A Travellerspoint blog

New Zealand Begins

Living off the kindness of others, Auckland, Car Auctions, Ron Burgundy, Whangarei, Wading through caves and Diving the Poor Knights


View October 2011- July 2012 on Laura Mitchell's travel map.

New Zealand has got off to a nice relaxing start by staying with friends. We arrived at Auckland Airport to be met by Amy and Dan who drove us back to their house in Glen Eden to spend a few days with them, Daisy the Dog and George the Parrott. The majority of our time there was spent looking for cars. James took the safe option and rented for two months, whereas Nathan and I decided to head to Turners Auction and take a risk on buying one.

After spending hours traipsing through cars, ruling out the too expensive, too leaky, non-starters, cars with no WOFs and the massively juddery when test driven, we were left with relatively few options. Not looking promising. Anyway we had a list of a couple we would consider bidding on. When it came round to the first on my list, a Hyundai Sonata, I thought I would do one bet, then someone else would outbid me and I would give up (seeing as I couldn’t really remember the car overly well, I just knew I had put a tick by it on my list). So I bid $1,100 and waited for someone else to pipe up. Nothing. SOLD. Frig I just bought a car. OK calm down and frantically try to remember if all its lights turned on, if its radio worked, was it leaking, if it even started. Oh well too late I’ve bought it now. Luckily on second inspection it seemed golden, and after coming up with his name, Ron Burgundy (because he is burgundy and I had recently watched Anchorman), I started to love him. Nathan bid on a Subaru Legacy, which rattled all the way home (not good). However he got lucky and a mechanic fixed the rattle the next day for free (he hit it with a metal pipe then it was fine). We were ready to go.

Ron Burgundy

Ron Burgundy

Next stop was visiting Alex and Heather, Family friends living in Whangarei. There was no way to get lost as seemingly there is only one road in New Zealand (Highway 1) so Ron got me there no problems. My time here has been spent gathering camping supplies (borrowing a tent and going to Warehouse (the shop which has everything) for the rest), eating ice cream in the town basin, swimming at Matapouri Bay, researching climbing areas (and planning my route), and going to Waipu caves with Ollie and Helen (Ollie is Alex and Heathers son who last I saw when he was a small 10 year old, and now he is a giant with a New Zealand accent) which involved wading through muddy water in the dark up to our thighs and checking out the awesome sight of loads of glow worms. My final day here was spent diving at Poor Knights Island.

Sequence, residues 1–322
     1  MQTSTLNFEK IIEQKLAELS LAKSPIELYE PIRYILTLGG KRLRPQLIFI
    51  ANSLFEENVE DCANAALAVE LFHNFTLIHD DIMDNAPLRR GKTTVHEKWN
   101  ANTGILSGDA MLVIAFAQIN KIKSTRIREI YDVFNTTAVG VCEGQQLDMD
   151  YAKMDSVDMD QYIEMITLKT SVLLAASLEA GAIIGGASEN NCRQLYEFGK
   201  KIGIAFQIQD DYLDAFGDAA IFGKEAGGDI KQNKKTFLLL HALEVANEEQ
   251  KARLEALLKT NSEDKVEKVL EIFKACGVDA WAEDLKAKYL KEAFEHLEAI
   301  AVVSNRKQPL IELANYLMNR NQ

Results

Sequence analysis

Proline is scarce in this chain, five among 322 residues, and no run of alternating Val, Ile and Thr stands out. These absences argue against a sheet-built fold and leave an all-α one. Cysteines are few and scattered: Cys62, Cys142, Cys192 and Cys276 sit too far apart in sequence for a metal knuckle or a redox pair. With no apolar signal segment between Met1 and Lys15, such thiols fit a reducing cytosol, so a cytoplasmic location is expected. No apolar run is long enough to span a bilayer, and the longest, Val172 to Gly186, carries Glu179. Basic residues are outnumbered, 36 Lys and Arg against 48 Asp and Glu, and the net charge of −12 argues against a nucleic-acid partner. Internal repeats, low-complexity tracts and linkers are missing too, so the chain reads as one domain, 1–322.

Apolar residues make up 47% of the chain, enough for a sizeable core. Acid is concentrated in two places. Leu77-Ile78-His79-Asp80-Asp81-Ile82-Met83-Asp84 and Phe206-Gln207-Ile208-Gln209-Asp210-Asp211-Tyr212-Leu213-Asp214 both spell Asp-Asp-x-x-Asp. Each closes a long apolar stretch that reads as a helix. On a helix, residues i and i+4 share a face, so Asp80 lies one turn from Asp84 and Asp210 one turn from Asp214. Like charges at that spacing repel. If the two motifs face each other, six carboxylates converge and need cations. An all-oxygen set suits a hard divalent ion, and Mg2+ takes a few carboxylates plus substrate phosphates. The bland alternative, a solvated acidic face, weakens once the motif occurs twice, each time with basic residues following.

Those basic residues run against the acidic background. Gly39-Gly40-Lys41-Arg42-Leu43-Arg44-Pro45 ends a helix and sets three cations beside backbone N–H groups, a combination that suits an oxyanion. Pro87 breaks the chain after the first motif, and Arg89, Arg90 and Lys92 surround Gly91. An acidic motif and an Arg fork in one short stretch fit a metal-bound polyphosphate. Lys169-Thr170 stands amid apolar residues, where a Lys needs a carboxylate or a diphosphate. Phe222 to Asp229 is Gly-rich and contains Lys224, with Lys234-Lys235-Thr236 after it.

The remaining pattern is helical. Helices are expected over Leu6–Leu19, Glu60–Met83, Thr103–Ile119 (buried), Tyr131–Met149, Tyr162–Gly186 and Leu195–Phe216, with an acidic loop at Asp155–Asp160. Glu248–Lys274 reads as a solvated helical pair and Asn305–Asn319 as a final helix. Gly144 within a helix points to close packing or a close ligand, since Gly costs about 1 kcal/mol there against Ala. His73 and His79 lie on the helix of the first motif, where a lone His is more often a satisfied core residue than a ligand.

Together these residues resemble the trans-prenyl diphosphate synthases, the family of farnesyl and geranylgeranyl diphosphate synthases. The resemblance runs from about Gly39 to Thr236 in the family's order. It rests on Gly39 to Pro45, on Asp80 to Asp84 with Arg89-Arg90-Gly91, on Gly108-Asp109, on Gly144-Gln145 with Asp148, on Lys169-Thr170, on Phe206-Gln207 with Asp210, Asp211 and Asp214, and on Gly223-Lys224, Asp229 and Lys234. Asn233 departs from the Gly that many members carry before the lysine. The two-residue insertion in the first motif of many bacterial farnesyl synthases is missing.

Wading into muddy water in the Caves

Wading into muddy water in the Caves

The diving day involved driving to Tutukaka, where I got the dive boat out at 8.30am and spent an hour getting to Poor Knights Island. The dives were both located in a sheltered bay at Brady’s Corner and Trevor’s Rock. The visibility was awesome and the diving involved swimming through forests of Kelp and checking out the underwater caves and the massive Sting Rays. I also saw Goatfish, Nudibranch, Damoiselle, Crimson Cleanerfish, Leatherjackets, massive shoals of Koheru and a few Kingfish (well that’s what people identified for me and I wrote in my log book anyway). When we weren’t diving the skipper took us around the islands to look at the biggest sea cave in the world, to drive through some impressive archways and to splash us in the face with excessive amounts of sea spray on the way back. All in all a good day, though the sea temperature was a bit lower than I was used to and I got a bit tired of people pointing out I had gone blue. Luckily for the second dive I got given extra wetsuit layer, though on the down side it did mean I could barely move/breath I was so squished in three layers of wetsuit. And I still went blue. I am not made for even slightly cold water.

Diving with a Sting Ray at Poor Knights Island

Diving with a Sting Ray at Poor Knights Island

After a few days staying in the comfort in a house, I am now setting out with a tent in the back and travel starts in earnest! Looking forward to exploring New Zealand :)

Posted by Laura Mitchell 00:11 Comments (0)

Goodbye Australia

The Last Days Down Under


View October 2011- July 2012 on Laura Mitchell's travel map.